Contested elections in sport a positive sign

Posted by Rowland Jack on 31 Juli 2013

Among the alphabet soup of international sports organisations the IOC, UCI, WADA and IPC all have contested presidential elections before the end of the year. In fact, there are more contested elections in high profile sports bodies coming up than at any time I can remember. I believe this represents progress.

For those of us fortunate enough to live in functioning democratic countries, general elections are a fact of life every four or five years. There is endless debate about how effectively the electoral system works or doesn’t but politicians have to take some account of public opinion and to make efforts to persuade the public to have a chance of success.

This has not always been the case in sports organisations.

Structures which were put in place when sport was mostly amateur and limited to a few western countries have struggled to evolve with the commercial development of sport and globalisation. In many cases, executive elected positions in sports organisations pay only expenses (and in some instances commissions which tend to be kept quiet), which restricts the pool of potential candidates. The choice is often limited to a handful of officials who are already “in the system”, enabling the numbers to be whittled down further by a few deals. The outcome is regularly a single candidate for president, re-elected multiple times. Other positions may be uncontested or scarcely contested. As a result, candidates have little incentive to take account of the views of voting members – such as national sports federations or individuals - and they in turn risk ostracism if they try to challenge incumbents.

At the time of writing, well-publicised election campaigns are underway for the presidency of the IOC (six candidates), the UCI (the incumbent plus a challenger), WADA (three candidates declared but essentially a competitive nomination process rather than an election), and the IPC (the incumbent and a challenger).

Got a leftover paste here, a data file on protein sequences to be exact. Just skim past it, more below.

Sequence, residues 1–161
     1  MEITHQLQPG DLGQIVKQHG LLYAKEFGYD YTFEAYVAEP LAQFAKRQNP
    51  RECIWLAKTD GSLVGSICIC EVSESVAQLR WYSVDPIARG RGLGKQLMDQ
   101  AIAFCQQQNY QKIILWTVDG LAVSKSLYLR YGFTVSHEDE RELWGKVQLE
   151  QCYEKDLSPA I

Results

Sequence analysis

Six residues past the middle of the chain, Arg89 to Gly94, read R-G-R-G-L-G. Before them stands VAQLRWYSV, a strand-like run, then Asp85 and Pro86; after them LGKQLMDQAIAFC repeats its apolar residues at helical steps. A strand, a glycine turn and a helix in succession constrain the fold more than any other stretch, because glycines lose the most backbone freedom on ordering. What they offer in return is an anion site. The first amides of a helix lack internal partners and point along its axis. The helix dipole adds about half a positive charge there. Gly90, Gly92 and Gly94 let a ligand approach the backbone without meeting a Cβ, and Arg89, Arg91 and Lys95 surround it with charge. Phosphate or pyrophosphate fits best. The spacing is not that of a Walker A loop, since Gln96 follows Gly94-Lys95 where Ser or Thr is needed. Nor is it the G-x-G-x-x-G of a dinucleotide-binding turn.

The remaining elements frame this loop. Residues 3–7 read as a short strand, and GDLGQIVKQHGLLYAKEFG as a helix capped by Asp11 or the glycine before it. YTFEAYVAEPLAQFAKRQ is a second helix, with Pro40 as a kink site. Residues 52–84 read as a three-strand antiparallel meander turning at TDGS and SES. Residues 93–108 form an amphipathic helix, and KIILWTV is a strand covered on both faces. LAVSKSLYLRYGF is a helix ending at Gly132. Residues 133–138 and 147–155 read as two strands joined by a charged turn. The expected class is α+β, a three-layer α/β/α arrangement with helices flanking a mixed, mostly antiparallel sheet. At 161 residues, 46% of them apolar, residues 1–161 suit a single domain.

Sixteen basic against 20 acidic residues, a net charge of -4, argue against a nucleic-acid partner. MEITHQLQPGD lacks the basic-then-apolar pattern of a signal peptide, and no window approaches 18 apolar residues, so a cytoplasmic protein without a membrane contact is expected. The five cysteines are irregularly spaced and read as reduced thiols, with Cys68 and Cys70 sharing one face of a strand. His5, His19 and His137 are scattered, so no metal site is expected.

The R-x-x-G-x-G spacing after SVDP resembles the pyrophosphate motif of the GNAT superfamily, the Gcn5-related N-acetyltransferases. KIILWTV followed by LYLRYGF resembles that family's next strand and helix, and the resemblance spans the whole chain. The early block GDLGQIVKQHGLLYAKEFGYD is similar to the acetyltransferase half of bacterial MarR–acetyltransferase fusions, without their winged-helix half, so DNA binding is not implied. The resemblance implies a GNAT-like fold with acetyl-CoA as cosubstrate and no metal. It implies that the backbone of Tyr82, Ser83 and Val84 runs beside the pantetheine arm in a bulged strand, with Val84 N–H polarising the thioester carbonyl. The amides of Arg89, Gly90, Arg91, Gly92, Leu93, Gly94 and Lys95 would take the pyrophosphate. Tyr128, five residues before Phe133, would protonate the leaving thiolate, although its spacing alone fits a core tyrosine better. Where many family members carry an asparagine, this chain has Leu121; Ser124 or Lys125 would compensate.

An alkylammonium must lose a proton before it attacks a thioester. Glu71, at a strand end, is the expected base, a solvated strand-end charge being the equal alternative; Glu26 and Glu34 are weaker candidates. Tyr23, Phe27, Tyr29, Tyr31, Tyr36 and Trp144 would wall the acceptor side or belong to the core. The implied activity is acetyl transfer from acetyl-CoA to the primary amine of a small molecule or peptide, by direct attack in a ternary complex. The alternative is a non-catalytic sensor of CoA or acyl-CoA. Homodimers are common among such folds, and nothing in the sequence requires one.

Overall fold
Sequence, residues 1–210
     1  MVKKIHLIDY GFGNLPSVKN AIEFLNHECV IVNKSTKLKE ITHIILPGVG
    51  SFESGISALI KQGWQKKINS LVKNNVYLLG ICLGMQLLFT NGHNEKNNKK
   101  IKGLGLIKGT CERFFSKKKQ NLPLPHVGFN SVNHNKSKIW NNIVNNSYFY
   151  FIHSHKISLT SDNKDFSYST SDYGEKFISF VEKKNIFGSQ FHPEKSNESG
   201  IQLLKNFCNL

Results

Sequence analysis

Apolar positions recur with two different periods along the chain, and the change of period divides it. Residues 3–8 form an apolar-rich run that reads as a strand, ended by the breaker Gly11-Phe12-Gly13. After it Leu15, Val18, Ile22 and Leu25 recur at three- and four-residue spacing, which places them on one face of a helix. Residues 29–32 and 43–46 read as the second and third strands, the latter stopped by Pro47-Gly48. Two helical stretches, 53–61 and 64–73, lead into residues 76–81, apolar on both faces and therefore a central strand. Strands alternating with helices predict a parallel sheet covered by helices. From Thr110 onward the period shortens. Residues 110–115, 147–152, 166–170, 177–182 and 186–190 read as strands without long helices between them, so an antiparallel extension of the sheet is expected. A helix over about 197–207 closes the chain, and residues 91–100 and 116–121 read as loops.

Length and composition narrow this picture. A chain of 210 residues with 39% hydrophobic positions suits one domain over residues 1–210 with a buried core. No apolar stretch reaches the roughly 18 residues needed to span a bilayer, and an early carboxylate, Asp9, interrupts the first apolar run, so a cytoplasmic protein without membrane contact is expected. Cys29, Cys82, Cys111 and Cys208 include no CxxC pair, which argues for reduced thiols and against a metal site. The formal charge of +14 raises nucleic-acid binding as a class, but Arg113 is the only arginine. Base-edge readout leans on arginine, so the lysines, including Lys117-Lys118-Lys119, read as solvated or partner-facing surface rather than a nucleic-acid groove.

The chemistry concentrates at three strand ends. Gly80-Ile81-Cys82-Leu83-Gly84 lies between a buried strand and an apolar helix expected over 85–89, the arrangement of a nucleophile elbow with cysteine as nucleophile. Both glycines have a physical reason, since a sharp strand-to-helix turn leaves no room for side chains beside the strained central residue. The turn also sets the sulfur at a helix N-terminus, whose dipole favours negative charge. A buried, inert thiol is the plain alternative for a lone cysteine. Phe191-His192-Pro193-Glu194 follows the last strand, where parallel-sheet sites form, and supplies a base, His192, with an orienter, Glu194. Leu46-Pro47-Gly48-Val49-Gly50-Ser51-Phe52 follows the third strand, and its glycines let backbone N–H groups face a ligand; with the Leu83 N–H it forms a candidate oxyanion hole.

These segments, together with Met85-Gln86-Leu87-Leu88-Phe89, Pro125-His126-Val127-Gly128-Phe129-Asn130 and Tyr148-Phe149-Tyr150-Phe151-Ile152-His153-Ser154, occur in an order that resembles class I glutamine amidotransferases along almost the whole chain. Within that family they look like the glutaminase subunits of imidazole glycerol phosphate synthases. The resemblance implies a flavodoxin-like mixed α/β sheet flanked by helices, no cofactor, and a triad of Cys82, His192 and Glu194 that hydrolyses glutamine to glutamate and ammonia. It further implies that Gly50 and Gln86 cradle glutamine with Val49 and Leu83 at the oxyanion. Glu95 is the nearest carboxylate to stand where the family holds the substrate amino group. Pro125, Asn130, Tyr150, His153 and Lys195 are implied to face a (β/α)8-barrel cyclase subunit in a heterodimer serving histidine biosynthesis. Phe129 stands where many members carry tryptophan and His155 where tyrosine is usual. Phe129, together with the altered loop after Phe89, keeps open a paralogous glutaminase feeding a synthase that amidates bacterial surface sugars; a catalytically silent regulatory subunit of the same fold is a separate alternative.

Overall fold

Whatever your views of some of the individual candidates –and strong opinions are being expressed – contested elections should result in closer scrutiny and increased debate about important issues facing the organisation.

As it happens, the fact that there are multiple candidates for the presidency of some of these organisations is drawing attention to questionable electoral processes. For example, the procedure for nominating candidates is a controversial topic for the UCI and the rules governing how incumbents use the organisation’s resources in their campaigns need tightening up in some cases.

This takes us back to the issue of outdated structures – if elections have rarely taken place historically then it is likely that the prescribed electoral processes will not reflect current best practice. It is to be hoped that the testing of electoral systems will result in reforms once presidents are in post.

Critics will readily spot shortcomings in the current round of elections: a lack of female candidates; an average age of 60 or more; and limited consultation with external stakeholders. As a first step, however, it is at least encouraging that there are contested elections. Both challengers and incumbents deserve respect for their efforts to drive progress in their sports.

Contested elections in sport a positive sign

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